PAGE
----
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Will crisis spark long-term care reforms, or will we quickly move on to something else?

The most recent mass shootings in the U.S. – something of a return to pre-pandemic “normal” – elicited the usual calls for gun safety and the usual pushback from the ethically challenged but aggressive opponents of reform.

Crises bring the issue to the forefront, with time eventually putting it on the backburner … until the next time.

Long-time advocates for reform to this country’s long-term care system hope officials here don’t follow suit.

For advocates for improvements to care for seniors, the COVID-19 crisis has put into stark relief many of the shortcomings in the system, leading to widespread outbreaks, hospitalizations and deaths among the residents of many long-term care facilities – some 69 per cent of COVID-19 deaths in the country have been among residents of such homes, well above the international average of about 41 per cent.

Chronic underfunding, understaffing, poor pay and aging facilities were all issues before the pandemic struck. Some critics have been warning about the issues for years, though they may not resort to “I told you so” under the circumstances. What they’d like to see is action taken to improve the lot of long-term care residents today and post-pandemic, preparations that would serve residents well during the next pandemic.

That some facilities fared much better than others during the first wave of the pandemic suggests that those that were better prepared and/or reacted quickly are a model for the kind of improvements advocates want to see.

Paul Stolee, director of the Network for Aging Research and a professor in the University of Waterloo School of Public Health and Health Systems, argues the longstanding shortcomings in the long-term care sector didn’t mean pandemic had to be the crisis it became in such facilities.

“I don’t think it necessarily was inevitable, because we know that some homes who got on top of things early, took precautions, brought in protective equipment, made adjustments to their staffing so they didn’t have people going to more than one home. They beefed up their infection control protocols. They got through quite well,” he said of the contrast between some homes, indicating that those who came out the worst could have done better even under the current underfunded system.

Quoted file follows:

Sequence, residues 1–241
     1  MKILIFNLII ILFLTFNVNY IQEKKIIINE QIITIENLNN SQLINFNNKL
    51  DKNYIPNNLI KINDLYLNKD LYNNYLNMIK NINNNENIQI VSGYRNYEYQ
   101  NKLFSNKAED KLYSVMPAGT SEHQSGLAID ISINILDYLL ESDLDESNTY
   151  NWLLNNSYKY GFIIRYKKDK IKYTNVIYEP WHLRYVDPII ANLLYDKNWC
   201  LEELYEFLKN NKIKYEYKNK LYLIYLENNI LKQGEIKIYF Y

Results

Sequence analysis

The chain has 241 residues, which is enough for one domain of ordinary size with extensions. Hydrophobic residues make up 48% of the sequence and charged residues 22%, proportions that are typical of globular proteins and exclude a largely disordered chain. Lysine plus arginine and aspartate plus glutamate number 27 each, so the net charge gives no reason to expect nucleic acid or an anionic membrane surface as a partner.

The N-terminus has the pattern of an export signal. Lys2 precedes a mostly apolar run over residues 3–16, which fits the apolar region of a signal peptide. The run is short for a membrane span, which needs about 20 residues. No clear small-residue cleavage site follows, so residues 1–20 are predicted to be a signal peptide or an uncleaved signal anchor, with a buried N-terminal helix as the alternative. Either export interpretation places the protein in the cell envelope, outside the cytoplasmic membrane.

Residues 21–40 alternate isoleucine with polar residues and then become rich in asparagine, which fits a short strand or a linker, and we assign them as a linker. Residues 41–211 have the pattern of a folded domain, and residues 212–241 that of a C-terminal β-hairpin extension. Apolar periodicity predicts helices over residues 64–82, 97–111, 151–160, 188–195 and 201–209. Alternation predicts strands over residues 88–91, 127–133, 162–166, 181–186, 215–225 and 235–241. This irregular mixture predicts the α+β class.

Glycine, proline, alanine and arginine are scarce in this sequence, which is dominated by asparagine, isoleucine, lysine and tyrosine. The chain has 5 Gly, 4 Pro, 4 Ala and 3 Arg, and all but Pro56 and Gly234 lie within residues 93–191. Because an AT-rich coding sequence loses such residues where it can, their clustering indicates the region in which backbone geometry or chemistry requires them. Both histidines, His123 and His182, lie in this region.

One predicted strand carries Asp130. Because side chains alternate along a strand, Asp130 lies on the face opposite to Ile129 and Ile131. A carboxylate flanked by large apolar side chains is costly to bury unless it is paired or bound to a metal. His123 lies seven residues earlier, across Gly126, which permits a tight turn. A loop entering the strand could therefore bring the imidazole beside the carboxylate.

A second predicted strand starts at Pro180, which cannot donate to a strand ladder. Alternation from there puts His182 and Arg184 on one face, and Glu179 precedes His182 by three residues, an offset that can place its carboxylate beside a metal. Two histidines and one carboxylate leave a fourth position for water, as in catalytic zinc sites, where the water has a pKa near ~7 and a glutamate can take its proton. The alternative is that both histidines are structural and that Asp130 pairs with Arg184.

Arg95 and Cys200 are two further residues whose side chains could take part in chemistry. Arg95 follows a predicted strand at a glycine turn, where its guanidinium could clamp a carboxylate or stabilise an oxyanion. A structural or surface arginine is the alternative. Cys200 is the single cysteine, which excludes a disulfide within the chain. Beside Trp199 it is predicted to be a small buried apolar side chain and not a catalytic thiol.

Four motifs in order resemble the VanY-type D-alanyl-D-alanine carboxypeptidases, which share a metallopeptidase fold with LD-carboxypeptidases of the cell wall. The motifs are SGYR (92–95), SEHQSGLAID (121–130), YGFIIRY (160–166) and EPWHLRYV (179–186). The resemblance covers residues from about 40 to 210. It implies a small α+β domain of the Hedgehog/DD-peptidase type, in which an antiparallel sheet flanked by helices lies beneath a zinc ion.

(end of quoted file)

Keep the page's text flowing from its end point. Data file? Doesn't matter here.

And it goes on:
Still, the pre-existing conditions made the sector ripe pickings for the spread of the virus, with Stolee noting that the first wave saw most of the attention focused on preventing the hospitals from being overwhelmed by the pandemic.

“I think the system in general was, in a way, a ready target for this kind of thing to happen. But part of the lack of preparedness was that our system took efforts to defend the acute care system, make sure they had the protective equipment, even at the expense of other parts of the system, discharged older people and others to home or to long term care homes so that they could free up acute care capacity. So the attention was very much ‘let’s protect the acute care system.’

“That’s kind of been the way our health care system has gone – the emphasis is on our acute care system. It’s well funded and well resourced, and other parts of the system are often an afterthought and don’t get the resources and attention they deserve.”

As those with chronic or not-easily diagnosed symptoms are often aware, our healthcare system isn’t as responsive as in the case of an acute illness, whether a broken bone or something in the vein of a heart attack or stroke. Or, as we’ve seen lately, mobilizing ICU beds to deal with those stricken down by COVID-19.

The situation is even worse when it comes to the diseases of aging, for which we have few remedies. The system isn’t set up very well do deal with the likes of dementia and care for the elderly, who are often seen as on a one-way path through the healthcare experience.